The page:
The number of Covid-19 cases related to overseas travel has increased "very sharply" recently, according to Deputy Chief Medical Officer Dr Ronan Glynn.

He said over 800 such infections were reported in the last fortnight alone, three quarters of them in people aged under 35.

In a series of posts on Twitter, he said it was "strongly advised" that people should only travel on the basis of their vaccination status or immunity (having recovered from Covid).

"Public health colleagues are reporting an increasing number of cases in people who have travelled overseas very shortly after they have completed their vaccine course," he said.

"It is advised that people should not consider themselves fully vaccinated until two weeks after their Janssen vaccine, one week after their second Pfizer vaccine or two weeks after their second Moderna or AstraZeneca vaccine," added Dr Glynn.

If travelling, he said it is "very important" that people are aware of the disease profile in the area that they are visiting.

The situation has deteriorated very rapidly across many parts of Europe, including Spain, Portugal, the Netherlands and Britain.

"In Ireland, we have recorded hundreds of cases in people recently returned from these regions," said Dr Glynn.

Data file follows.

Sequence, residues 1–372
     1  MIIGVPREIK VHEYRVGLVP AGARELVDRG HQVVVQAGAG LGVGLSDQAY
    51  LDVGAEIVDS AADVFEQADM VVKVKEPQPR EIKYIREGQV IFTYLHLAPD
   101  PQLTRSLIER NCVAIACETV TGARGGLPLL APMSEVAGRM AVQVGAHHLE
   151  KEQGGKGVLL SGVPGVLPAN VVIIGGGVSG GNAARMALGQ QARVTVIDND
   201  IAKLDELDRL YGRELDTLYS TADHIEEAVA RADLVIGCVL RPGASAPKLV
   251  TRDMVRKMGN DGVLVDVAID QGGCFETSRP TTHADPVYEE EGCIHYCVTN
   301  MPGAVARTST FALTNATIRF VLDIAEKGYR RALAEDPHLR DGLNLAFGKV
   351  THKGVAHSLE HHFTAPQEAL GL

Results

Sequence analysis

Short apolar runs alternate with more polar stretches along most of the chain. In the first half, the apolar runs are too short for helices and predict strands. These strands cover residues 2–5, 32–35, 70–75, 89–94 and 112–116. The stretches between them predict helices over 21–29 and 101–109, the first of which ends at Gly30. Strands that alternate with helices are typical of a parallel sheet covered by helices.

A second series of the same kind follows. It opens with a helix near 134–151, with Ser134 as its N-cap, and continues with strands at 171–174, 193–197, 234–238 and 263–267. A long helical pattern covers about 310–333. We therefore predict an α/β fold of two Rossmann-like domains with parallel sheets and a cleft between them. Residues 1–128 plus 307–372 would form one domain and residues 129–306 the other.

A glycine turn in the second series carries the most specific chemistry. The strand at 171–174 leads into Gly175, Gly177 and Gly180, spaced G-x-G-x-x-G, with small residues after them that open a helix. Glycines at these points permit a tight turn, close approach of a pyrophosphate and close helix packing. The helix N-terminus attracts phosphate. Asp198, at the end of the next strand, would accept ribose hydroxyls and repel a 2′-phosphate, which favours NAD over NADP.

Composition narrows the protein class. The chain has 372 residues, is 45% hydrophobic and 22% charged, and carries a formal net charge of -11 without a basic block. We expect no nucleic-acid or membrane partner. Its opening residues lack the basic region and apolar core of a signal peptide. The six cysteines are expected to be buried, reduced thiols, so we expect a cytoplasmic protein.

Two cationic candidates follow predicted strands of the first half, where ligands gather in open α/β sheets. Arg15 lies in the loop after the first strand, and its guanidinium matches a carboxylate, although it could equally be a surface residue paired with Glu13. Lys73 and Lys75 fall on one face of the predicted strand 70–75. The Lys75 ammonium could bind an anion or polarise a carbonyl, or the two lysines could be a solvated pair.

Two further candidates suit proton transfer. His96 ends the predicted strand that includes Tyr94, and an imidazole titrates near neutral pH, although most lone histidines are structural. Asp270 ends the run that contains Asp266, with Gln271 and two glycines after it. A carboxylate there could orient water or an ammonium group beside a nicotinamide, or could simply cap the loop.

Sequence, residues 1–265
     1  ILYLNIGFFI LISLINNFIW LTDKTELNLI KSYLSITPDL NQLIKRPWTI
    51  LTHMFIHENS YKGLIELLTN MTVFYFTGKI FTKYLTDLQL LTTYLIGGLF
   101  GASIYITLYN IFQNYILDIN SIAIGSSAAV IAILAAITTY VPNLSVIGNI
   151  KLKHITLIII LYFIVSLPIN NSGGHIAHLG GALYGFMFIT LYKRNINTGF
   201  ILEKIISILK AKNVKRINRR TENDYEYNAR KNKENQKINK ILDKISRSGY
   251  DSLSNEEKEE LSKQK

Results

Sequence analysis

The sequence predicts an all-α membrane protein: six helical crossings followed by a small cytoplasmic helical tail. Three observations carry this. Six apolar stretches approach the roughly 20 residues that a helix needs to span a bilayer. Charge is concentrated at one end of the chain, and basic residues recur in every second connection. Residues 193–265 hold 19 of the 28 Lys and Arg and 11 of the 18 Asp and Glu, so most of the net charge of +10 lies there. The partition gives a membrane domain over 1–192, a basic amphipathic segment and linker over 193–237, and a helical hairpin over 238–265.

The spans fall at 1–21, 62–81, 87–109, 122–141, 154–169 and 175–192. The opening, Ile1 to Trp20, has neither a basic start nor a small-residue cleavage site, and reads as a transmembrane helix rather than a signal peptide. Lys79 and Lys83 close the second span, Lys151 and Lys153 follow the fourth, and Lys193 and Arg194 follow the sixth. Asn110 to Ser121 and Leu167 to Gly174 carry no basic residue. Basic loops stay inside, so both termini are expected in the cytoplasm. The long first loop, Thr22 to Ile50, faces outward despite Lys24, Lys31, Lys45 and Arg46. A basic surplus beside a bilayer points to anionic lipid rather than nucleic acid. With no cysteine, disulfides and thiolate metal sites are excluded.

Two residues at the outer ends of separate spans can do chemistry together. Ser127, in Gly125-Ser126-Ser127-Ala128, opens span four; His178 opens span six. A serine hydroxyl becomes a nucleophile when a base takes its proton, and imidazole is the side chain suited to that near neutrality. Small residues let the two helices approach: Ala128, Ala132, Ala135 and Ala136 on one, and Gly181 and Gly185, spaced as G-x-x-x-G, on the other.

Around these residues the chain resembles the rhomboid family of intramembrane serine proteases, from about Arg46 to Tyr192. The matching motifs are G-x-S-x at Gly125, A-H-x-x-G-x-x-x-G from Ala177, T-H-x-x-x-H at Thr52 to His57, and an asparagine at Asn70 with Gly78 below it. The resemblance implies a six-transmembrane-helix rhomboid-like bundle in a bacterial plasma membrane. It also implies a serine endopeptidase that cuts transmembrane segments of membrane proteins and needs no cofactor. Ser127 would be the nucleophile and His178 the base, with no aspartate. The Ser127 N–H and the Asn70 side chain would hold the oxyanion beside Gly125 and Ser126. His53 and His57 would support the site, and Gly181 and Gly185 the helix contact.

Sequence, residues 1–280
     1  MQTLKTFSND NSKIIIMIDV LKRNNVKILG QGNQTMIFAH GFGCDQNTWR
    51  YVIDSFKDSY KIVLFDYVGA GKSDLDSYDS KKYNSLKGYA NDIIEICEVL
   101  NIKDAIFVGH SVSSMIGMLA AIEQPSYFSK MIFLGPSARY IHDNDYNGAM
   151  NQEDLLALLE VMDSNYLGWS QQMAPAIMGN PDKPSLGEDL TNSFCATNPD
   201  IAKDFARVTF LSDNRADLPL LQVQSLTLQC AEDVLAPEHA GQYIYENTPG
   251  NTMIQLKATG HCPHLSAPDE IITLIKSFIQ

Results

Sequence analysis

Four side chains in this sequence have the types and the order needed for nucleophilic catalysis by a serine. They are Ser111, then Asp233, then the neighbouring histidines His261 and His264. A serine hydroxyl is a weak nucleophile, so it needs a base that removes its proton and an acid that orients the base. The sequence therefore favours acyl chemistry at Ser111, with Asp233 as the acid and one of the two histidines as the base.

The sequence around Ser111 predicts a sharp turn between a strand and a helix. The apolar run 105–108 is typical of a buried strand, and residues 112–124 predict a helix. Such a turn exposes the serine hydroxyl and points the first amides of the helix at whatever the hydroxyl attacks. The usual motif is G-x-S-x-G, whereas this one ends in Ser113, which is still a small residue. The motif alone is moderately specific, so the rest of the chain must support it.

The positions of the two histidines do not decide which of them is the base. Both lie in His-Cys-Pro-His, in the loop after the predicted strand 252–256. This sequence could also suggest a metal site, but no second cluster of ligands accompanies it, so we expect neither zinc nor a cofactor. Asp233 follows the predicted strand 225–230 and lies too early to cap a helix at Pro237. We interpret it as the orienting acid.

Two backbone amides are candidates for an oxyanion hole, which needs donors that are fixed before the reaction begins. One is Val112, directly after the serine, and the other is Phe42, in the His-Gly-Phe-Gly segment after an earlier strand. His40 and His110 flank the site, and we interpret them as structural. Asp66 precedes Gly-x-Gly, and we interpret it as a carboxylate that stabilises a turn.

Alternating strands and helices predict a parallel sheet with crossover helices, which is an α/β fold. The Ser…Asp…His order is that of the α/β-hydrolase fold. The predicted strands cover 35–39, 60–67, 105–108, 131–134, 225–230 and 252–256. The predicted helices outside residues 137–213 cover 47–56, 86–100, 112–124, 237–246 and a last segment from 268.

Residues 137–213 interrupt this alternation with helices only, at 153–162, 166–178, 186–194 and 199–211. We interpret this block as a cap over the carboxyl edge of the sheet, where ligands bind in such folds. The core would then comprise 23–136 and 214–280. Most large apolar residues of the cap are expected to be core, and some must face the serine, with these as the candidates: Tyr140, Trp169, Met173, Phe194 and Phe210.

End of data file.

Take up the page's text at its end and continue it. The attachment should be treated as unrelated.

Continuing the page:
"From the 5 - 18 July, we recorded 676 cases in people who had returned from Spain (n=317), GB (n=188) and Portugal (n=171) in the previous fortnight.

"If you have recently returned to Ireland and have any symptoms of #COVID19 including fever, cough, headache, sore throat or a blocked or runny nose then please self-isolate and get tested without delay."

Dr Glynn's advice comes as Ireland moves into the red zone of the latest travel map issued by the European Centre for Disease Control.

Red indicates that the 14-day cumulative case notification rate ranges from 75 to 200 and the test positivity rate of Covid tests is 4% or more. It can also indicate that the 14-day rate is more than 200 but less than 500.

Parts of Europe with the highest number of cases are coloured dark red (where the 14-day rate is 500 or more) and include parts of Spain and Netherlands.

Meanwhile, it has been revealed that the Digital Covid Cert Helpline was only able to deal with under 7% of the 70,000 calls received in the first three days.

The Department of Health has asked that only those travelling in the next 10 days should call the helpline.